Definition of bumper

This piece of armament keeps the butt of your cue safe from coincidental contact with the floor or other damaging incidents. It is usually made of a rubber composite or other durable or flexible material to absorb impact in the case of a collision.

24 Random Essential Billiards Terms

Also slop shot. A luck shot. Compare fish, fluke and Lorengo; contrast mark and call. Also sloppy. Descriptive of any game where the rules have been varied to allow luck shots not normally allowed or where no foul rules apply.
An area defined on a billiard table, in games such as pool, snooker, English billiards and bagatelle, by a single balkline (drawn or imaginary) that runs across the table near the head (bottom) end; exactly where depends upon table type and size. This balk is where the cue ball is placed in lagging for lead, for making the opening break shot, and sometimes for other purposes, depending upon the game.
This is a fine powdery substance used to assist the sliding of the cue over the hand bridge.
Same as foul
As a result of the opening break shot (the "snap"), usually said of winning by pocketing the money ball ("won on the snap", "got it on the snap", etc.) Employed most commonly in the game of nine-ball where pocketing the 9 ball at any time in the game on a legal stroke, including the break shot, garners a win.
British: Same as cling, and kick.
This is a creative game played between four players, using hands instead of cue sticks. The goal is to shoot as many balls as possible into the diagonally opposing corner pocket you are standing behind. The shooting is done taking turns and rotating counter clockwise. When misses on the pocket occur, the ball is open game to be stolen and pocketed in the new opposing pocket during the new owners turn. Ties are decided by lagging with the hands, and the winner of one game is the first to shoot in the next.
In blackball, a situation where the player cannot see any of the balls she/he wants to hit due to obstruction by other balls or the knuckle of a pocket. The player must call "total snooker" to the referee, which allows a dispensation to the player from having to hit a cushion after contacting the object ball, which is otherwise a foul.
A British term (especially in snooker) for the splitting of a group of balls when another ball is sent into them, typically with the intent of deliberately moving them with the cue ball to develop them.
In snooker, to leave the cue ball ball on the spot of a colour ball after potting it. This is usually performed where re-spotting of the colour ball would cause positional problems for the player, such as blocking available pots on one or more red balls.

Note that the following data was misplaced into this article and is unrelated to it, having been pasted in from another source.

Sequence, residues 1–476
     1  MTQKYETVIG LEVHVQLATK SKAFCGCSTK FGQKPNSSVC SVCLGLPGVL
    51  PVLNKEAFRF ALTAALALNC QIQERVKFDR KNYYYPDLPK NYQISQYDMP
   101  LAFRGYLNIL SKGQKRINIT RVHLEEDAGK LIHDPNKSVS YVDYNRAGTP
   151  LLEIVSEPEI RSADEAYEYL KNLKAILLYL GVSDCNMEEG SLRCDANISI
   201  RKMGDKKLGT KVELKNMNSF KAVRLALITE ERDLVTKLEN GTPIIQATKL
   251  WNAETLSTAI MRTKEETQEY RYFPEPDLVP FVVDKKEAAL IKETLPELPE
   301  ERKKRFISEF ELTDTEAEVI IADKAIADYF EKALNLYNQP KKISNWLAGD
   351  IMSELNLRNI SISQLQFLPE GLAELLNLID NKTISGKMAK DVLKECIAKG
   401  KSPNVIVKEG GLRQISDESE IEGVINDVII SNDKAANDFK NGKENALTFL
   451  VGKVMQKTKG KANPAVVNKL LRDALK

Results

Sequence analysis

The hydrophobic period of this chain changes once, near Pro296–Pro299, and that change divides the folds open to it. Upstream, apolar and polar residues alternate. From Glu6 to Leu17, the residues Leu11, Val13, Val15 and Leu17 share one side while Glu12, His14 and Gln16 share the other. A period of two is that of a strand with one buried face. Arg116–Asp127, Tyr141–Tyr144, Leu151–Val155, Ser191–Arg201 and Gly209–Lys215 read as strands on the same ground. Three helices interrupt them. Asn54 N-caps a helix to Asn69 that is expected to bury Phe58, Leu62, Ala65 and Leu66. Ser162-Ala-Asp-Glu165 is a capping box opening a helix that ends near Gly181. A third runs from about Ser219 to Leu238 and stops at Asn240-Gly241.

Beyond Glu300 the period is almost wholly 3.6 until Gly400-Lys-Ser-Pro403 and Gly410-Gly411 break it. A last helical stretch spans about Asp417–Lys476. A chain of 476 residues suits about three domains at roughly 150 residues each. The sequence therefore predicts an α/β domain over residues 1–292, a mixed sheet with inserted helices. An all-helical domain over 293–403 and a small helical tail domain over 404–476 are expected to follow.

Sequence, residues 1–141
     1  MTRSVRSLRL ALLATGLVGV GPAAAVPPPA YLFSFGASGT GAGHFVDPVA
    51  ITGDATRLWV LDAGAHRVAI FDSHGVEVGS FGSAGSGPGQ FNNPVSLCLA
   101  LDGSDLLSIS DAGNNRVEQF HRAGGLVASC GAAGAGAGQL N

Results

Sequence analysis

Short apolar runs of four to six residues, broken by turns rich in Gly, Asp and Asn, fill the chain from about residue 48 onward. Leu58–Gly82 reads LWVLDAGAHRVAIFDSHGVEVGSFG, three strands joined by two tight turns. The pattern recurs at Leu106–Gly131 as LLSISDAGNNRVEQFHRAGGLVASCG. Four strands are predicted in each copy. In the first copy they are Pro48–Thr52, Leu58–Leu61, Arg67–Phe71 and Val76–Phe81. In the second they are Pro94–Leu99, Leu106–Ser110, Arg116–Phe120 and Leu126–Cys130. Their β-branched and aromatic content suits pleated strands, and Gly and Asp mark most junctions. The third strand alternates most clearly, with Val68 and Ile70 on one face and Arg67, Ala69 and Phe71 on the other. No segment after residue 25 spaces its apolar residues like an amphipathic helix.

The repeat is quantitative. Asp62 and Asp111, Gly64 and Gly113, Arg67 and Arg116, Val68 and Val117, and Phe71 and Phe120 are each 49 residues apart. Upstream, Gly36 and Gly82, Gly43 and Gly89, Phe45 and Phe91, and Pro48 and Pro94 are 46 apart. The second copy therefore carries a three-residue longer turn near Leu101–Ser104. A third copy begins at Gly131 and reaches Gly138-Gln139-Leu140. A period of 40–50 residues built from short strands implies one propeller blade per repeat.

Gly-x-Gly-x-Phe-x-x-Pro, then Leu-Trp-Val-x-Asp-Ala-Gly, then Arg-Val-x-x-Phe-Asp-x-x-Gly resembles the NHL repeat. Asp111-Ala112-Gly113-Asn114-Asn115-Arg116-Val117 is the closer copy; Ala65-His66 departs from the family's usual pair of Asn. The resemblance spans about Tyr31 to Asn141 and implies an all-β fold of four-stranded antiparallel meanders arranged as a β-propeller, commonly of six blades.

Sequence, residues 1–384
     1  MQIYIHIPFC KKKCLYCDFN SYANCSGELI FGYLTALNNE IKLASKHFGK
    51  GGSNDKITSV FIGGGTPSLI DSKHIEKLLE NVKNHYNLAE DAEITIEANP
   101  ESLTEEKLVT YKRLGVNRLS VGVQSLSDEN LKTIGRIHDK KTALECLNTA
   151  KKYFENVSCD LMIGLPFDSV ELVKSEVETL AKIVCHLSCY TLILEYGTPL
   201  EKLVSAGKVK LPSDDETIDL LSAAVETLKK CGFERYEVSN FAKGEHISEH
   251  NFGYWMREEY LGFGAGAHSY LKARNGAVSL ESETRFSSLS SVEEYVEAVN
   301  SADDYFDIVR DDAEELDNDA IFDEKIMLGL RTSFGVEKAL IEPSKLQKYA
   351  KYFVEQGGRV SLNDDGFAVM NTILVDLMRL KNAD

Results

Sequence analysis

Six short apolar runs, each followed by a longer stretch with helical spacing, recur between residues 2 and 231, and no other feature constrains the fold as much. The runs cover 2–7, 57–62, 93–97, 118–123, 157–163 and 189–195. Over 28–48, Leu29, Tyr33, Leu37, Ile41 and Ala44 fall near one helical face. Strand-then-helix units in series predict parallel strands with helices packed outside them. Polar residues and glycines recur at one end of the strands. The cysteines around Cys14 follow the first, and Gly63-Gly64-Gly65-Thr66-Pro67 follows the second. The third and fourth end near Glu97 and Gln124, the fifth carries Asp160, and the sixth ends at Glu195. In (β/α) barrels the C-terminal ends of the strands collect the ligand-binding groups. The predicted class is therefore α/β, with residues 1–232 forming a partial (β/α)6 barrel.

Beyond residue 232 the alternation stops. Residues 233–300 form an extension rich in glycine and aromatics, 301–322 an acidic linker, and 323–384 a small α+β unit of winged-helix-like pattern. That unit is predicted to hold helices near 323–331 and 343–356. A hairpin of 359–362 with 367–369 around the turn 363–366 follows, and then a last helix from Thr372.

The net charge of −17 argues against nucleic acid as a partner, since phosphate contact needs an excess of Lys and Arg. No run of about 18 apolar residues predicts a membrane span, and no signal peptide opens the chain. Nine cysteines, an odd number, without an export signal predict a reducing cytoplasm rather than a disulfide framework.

This is a term used in slang to reference the bridge tool.
One-on-one game play.
This is a type of shot that shows complete control over the object ball and the cue ball.
Same as triple.
To take one's two-piece cue stick apart. When done before a game's conclusion, it often indicates that the game is conceded.
In snooker, the pocket nearest the yellow spot.
For a player to place money for a wager in an openly visible spot (typically on the hanging light above the table, thus the origin of the phrase); this demonstrates that the money is actually present and obviates any need to demand its production from the loser's pocket. "You want to play for 500? Put it up!"
On a coin-operated bar table, to place one or more coins on the rail, or on the bed of the table under the Template:Cueglosss, as a marker of one's place in line (on queue) to play. "You didn't put your quarters up." And alternative is to put one's name on a list, e.g. on a chalkboard.
The placement of player(s) automatically in a tournament where some have to qualify, or automatic placement in later rounds.
A pool ball that was meant to go into the pocket, but got caught up by the jaw and ended up bouncing back and forth before stopping short of the pocket.
Hitting the object ball with not enough of a cut angle; hitting the object ball too full or "fat". It is a well-known maxim that overcutting is preferable to undercutting.
Chiefly British: Short for side spin. In Canadian usage, the term is sometimes used as a verb, "to side".
Chiefly British: The half of the table from which the break shot is taken. This usage is conceptually opposite that in North America, where this end of the table is called the head.
This is a match where a player must win so many games more than the other player in order to win the match.
A foul where the rules are blatantly, intentionally violated, with a stiffer penalty (e.g., loss of game) than normal.